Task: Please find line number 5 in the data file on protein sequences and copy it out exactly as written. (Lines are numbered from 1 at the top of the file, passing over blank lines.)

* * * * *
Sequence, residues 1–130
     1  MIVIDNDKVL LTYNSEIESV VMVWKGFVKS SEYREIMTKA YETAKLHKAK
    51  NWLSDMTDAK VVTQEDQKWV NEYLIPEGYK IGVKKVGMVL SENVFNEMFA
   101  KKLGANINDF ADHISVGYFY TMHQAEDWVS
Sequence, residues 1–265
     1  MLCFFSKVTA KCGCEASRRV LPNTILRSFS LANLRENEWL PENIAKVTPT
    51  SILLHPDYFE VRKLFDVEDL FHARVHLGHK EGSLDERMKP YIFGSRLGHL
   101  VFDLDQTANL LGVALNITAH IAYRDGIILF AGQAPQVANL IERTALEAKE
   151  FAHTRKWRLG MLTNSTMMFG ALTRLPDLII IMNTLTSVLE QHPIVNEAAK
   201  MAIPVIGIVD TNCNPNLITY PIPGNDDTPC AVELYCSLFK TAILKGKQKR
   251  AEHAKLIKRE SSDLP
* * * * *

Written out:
Sequence, residues 1–265